Daphnia cucullata is characterised by a head with no eyespot, which forms an extraordinarily strongly protruding part that ends up in a sharp, somewhat dorsally curved point. It most commonly occurs in nutrient rich lakes with high densities of fish.
Though it may vary in size, Daphnia cucullata is the smallest daphniid species, even smaller than D. cristata. It is characterised by a head which forms an extraordinarily strongly protruding part that ends up in a sharp, somewhat dorsally curved point. It has no eyespot (oscellus). In both D. cucullata and D. cristata the sensory bristles are the only visible part of the first pair of antennae. However D. cucullata does not miss the setae on the first joint of the three-segmented-branch of the second pair of antennae as in D. cristata. Morphologically this is the best criteria to use to distinguish D. cucullata from D. cristata. The species is more or less transparent.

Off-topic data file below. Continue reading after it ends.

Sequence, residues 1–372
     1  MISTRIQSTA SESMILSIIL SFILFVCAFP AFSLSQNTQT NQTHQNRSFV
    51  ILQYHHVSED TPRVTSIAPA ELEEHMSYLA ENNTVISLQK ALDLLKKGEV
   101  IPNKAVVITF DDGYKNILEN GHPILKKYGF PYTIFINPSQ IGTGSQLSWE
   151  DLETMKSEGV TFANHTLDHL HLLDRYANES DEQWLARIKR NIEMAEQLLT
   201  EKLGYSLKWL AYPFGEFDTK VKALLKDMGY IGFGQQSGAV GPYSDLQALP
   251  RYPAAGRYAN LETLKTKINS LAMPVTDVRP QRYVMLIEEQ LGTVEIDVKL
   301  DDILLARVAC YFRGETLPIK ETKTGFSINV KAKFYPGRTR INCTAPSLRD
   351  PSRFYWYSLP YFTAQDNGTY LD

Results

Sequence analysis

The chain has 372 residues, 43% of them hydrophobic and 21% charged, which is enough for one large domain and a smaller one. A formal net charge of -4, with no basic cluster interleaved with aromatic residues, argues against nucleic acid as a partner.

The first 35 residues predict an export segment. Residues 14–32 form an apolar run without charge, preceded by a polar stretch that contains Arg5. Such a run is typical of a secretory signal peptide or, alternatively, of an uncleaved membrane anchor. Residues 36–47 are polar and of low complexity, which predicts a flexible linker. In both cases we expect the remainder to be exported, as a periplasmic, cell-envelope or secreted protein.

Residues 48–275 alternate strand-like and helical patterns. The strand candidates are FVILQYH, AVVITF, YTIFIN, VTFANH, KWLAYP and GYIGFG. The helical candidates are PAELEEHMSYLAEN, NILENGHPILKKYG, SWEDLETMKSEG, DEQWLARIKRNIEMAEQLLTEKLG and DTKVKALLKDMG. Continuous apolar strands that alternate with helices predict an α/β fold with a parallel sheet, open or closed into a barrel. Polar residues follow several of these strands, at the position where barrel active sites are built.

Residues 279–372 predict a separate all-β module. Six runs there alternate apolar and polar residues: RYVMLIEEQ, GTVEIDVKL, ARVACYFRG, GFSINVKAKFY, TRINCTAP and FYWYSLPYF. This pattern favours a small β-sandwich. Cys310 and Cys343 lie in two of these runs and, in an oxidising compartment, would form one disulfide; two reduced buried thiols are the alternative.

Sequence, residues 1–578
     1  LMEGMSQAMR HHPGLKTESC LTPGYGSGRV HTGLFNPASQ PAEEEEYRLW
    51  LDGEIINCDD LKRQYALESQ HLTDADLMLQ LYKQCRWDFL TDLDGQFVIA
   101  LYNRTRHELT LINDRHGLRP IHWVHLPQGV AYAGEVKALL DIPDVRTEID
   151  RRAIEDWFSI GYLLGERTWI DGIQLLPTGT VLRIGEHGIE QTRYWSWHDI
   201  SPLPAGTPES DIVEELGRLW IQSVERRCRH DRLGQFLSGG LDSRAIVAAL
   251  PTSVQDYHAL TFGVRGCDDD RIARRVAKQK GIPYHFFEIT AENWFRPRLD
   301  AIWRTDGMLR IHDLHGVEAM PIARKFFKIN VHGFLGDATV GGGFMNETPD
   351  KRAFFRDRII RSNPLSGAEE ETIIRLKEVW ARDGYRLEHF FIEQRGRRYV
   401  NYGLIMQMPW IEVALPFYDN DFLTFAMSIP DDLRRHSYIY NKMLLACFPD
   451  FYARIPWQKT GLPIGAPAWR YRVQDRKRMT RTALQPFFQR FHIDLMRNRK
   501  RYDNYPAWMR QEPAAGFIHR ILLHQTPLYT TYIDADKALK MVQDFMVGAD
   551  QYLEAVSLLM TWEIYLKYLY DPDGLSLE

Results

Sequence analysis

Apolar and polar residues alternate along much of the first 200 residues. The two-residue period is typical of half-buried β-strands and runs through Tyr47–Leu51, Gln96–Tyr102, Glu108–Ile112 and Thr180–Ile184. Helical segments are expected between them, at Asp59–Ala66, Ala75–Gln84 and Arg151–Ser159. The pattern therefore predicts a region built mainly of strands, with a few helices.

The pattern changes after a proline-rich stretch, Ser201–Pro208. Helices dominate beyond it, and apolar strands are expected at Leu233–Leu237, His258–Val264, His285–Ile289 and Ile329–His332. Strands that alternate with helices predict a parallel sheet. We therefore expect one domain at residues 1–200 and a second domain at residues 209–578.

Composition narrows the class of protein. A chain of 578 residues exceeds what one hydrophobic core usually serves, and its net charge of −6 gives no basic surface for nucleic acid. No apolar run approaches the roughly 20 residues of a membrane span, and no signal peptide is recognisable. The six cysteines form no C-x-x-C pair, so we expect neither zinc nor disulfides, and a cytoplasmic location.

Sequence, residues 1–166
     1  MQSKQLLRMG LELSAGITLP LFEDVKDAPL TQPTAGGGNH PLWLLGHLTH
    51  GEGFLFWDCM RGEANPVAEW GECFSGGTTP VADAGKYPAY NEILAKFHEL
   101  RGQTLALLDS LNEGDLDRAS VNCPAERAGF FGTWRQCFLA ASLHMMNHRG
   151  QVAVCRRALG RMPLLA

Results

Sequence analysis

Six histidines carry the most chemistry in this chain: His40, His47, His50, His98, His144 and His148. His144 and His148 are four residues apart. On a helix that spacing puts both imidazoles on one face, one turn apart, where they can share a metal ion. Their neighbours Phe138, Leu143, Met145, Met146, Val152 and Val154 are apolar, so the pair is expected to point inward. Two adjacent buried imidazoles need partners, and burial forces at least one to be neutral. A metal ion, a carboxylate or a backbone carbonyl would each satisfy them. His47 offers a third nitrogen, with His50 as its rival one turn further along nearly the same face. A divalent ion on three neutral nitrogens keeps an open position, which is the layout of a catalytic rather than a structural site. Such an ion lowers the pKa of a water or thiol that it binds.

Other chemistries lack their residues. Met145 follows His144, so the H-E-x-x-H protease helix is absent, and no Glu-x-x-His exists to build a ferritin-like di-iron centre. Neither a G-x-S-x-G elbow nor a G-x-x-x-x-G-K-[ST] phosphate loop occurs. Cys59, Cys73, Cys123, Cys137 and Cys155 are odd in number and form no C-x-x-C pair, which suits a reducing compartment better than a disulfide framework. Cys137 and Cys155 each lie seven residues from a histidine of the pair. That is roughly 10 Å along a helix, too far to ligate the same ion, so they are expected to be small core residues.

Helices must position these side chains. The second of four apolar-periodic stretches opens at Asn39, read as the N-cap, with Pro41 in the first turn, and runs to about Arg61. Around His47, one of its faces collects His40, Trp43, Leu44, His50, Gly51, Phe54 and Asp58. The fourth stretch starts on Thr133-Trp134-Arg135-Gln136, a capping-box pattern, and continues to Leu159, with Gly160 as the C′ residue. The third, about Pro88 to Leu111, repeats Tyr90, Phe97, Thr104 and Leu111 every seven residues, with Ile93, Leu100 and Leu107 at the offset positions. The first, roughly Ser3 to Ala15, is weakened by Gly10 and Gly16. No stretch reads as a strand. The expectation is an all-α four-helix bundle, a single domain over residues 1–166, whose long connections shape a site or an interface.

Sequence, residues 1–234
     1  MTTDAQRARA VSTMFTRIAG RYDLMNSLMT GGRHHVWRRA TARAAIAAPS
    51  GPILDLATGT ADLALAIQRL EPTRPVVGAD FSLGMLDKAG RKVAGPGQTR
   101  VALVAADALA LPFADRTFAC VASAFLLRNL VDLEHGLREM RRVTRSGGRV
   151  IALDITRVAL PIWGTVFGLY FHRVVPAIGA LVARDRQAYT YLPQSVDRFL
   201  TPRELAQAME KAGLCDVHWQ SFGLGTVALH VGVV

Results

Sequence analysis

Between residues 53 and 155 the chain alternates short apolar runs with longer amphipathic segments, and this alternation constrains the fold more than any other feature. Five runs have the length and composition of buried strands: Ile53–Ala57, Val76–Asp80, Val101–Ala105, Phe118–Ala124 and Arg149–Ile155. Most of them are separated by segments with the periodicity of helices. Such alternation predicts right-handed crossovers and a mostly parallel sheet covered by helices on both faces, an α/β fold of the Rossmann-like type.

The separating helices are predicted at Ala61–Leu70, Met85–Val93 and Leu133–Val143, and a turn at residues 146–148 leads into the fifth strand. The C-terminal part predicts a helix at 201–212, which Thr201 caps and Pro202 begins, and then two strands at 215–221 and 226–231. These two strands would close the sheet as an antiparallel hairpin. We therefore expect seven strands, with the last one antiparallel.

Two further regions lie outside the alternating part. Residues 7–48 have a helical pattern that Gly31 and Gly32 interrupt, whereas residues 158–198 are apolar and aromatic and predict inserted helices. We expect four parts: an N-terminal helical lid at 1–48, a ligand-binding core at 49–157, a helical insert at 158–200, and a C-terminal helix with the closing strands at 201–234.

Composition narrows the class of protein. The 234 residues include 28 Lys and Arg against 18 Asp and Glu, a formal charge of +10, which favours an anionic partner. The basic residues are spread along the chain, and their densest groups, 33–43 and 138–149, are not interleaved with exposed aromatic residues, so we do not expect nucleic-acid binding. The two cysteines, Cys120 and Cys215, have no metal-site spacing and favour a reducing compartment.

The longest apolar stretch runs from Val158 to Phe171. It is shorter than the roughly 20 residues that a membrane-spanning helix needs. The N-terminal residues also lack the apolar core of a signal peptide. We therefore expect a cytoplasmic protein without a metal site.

Female: Length 0.6–1.7 mm
Male: Length 0.6–1.0 mm
Ecology and distribution
D. cucullata is found in about 3 % of the localities where plankton is sampled. It is distributed in two main areas, Jæren in the south west and in the Oslofjord area. D. cucullata is a typical lowland species, only once found above 300 m a.s.l. It most commonly occurs in nutrient rich lakes (conductivity>10 mS/m) with high densities of fish. It is never found when pH<6.
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